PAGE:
Things to do in San Antonio: Visit the Mission Concepcion
The Mission Concepcion in San Antonio: Beautiful Frescoes and Original Stonework
Of the five missions in San Antonio, Texas, Mission Concepcion (more completely known as Mission Nuestra Señora de la Purísima Concepción de Acuña) is the best-preserved. Restoration work has taken place at each of these historic sites within the San Antonio Missions National Park, and of course, at the Alamo (the most well known of the five missions), but this mission structure is the most "original."
The missions date back to the 18th century along the San Antonio river. Missionaries offered protection from warring Indian tribes and the threat of disease to the Coauhilan (hunter and gatherer) tribes in the area. In exchange, the Indians received religious instruction and helped work fields and take care of livestock.
Unlike these other missions, you can still see original frescoes painted on the walls and ceilings inside the Mission Concepcion because neither the roof, nor walls of the church were ever lost to age or neglect. Restoration work inside the church was completed in 2010.
The over 250-year old structure is an architectural treasure, as well as a key to understanding the influence of Spanish Missionaries in the region before the United States even declared independence from England. The southwest areas of the country have a rich, varied history, influenced by Spain, Mexico, France and the Republic of Texas.
Directions to the Mission Concepcion in San Antonio
History of the Mission Concepcion in San Antonio
Like the other four San Antonio missions, the Mission Concepcion was built near the banks of the San Antonio River.
The missionaries offered shelter, as well as Christian religion education and a structured life, to hunter-gatherer Indian tribes (Coahuiltecan) that were being persecuted by warring Apache tribes, and were also falling victim to new diseases imported to the Americas.
The Mission Concepcion was originally established in East Texas, but was moved in 1731 to San Antonio. Today, it is the best preserved of all Texas missions. You can still attend Catholic Mass every Sunday at the church, if you wish! It is a National Historic Landmark.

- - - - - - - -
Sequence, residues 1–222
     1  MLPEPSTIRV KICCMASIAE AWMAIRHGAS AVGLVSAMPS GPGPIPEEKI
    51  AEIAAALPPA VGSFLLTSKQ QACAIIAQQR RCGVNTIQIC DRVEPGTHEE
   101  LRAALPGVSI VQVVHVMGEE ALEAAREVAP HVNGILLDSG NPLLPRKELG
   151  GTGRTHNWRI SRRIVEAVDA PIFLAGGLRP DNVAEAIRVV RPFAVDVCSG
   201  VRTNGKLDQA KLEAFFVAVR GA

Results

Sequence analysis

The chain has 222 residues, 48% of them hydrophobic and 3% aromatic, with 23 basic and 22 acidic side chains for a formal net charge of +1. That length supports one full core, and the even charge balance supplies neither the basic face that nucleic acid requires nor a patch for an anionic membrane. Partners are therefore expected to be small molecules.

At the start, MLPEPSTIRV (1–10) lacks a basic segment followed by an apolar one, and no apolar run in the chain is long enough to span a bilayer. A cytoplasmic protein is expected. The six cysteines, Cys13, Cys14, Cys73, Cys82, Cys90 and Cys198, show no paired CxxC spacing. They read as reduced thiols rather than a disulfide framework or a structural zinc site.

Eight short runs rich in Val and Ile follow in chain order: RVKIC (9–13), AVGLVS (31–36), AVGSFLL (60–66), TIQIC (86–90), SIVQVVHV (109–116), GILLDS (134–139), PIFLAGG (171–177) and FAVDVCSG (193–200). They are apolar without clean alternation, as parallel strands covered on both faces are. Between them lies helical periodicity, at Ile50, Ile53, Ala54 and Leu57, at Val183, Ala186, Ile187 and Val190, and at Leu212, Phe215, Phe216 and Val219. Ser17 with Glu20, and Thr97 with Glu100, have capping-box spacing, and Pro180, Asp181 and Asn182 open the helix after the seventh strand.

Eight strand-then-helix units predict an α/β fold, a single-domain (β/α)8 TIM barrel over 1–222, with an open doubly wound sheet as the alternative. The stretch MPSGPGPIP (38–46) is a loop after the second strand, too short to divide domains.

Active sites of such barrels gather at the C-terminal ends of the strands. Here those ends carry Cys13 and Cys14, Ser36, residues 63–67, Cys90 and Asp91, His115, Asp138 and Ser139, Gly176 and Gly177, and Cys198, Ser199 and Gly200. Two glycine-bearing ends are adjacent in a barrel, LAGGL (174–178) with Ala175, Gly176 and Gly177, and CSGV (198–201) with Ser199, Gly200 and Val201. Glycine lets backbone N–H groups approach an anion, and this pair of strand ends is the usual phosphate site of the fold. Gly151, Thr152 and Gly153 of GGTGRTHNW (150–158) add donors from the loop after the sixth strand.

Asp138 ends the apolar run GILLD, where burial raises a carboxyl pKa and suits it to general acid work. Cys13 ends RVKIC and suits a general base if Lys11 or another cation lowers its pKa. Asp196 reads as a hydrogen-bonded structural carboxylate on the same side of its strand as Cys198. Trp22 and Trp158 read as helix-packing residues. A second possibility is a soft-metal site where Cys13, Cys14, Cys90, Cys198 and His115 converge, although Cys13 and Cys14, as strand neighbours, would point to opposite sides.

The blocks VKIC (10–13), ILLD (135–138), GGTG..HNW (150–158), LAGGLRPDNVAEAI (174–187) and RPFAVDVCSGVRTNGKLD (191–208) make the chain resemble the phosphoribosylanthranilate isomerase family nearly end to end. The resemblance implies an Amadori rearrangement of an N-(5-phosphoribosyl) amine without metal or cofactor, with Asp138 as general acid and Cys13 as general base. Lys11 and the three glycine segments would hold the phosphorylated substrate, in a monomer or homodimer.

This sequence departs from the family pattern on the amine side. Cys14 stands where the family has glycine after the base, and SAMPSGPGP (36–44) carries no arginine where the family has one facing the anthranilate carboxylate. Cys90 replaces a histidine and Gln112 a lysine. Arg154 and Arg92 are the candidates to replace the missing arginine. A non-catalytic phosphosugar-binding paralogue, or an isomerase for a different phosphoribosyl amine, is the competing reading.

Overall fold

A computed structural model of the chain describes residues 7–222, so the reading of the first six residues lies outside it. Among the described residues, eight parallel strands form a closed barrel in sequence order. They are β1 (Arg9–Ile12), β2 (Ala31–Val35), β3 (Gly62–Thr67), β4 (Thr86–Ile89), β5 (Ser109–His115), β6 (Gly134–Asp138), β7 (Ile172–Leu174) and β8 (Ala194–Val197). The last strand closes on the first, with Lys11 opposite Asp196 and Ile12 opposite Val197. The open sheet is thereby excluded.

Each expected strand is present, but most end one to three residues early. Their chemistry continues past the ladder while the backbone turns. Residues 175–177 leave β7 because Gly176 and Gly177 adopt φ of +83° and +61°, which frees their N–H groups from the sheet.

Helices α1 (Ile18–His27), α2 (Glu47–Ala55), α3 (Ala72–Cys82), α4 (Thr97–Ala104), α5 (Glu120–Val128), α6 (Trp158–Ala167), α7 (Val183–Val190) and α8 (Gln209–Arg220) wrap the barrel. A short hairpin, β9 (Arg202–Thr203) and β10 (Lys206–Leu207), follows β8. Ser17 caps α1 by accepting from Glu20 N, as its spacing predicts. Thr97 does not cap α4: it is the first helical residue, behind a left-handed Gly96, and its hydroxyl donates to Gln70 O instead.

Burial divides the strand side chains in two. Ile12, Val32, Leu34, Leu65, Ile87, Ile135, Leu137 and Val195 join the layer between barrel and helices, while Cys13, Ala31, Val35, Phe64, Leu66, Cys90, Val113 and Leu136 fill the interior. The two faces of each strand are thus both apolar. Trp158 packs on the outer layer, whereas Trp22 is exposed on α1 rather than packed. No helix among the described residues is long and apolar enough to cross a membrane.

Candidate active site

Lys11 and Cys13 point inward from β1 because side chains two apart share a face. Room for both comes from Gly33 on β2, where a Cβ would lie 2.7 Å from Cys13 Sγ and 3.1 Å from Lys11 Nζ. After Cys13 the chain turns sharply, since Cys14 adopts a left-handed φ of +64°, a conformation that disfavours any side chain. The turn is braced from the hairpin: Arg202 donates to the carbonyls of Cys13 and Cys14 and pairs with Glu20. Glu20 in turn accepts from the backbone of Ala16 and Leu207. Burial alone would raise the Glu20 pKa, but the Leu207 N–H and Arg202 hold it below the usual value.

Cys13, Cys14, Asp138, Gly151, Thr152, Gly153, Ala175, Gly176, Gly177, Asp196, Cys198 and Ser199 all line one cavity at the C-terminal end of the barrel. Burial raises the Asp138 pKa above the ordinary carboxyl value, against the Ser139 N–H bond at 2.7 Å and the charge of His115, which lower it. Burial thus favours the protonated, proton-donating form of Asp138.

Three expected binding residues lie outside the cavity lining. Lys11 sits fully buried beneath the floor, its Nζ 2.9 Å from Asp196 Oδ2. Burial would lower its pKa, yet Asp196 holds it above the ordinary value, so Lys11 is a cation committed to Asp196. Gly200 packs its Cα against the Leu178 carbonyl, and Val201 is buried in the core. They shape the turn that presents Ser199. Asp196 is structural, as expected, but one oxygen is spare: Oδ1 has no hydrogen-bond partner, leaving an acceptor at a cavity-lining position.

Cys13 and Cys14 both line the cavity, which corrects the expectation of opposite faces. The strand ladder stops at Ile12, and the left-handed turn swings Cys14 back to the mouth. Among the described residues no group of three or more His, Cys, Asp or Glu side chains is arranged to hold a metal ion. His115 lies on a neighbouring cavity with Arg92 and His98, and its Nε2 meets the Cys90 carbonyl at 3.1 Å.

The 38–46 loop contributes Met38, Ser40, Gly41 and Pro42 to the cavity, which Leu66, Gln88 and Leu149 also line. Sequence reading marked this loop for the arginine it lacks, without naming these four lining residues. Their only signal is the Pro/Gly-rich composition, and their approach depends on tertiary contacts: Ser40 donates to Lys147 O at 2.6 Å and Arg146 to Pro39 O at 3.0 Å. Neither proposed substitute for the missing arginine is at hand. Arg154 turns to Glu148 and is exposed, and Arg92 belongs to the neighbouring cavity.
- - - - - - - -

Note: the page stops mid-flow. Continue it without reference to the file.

Similar to the history of the Alamo, the structure was eventually used in the Texas Revolution as a fort. The Battle of Concepcion actually took place before the Battle of the Alamo, in October 1835, and was defended by one of the heroes of the Alamo, . Over 100 years later, the mission - along with other missions in Texas - was restored to its original glory. James Bowie
The Mission Concepcion in San Antonio, Texas
Fresco Work Inside the Mission ConcepcionClick thumbnail to view full-size
Visiting San Antonio: Things to Pack for Your Trip to the Lone Star State
During the Day: Shorts, skirts, slacks and short-sleeved or sleeveless shirts
Comfortable walking shoes
Sunglasses, hats or caps, camera
Evening: Slacks or skirts, dresses, button-down shirts, casual sweater or jacket
Cowboy boots or sandals
Hats or caps, studded belts
Other items: swimsuit, jeans, long-sleeved shirts or sweaters
Flip flops or sandals
Sun visors, swimsuit cover-up
Don't forget: sleepwear, undergarments and socks
Your most comfortable shoes
Light jacket, umbrella, sunscreen, minor first aid supplies - including band-aids
Quick Tips About Mission Concepcion
- No fee to visit
- Free and ample parking